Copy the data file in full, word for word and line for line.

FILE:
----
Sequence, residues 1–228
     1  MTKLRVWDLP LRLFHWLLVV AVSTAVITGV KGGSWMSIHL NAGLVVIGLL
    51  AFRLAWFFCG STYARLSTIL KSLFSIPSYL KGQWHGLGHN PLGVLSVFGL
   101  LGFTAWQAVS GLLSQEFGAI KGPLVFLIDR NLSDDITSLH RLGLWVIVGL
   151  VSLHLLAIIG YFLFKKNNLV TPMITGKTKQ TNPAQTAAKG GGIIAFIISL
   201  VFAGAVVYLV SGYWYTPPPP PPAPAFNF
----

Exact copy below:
Sequence, residues 1–228
     1  MTKLRVWDLP LRLFHWLLVV AVSTAVITGV KGGSWMSIHL NAGLVVIGLL
    51  AFRLAWFFCG STYARLSTIL KSLFSIPSYL KGQWHGLGHN PLGVLSVFGL
   101  LGFTAWQAVS GLLSQEFGAI KGPLVFLIDR NLSDDITSLH RLGLWVIVGL
   151  VSLHLLAIIG YFLFKKNNLV TPMITGKTKQ TNPAQTAAKG GGIIAFIISL
   201  VFAGAVVYLV SGYWYTPPPP PPAPAFNF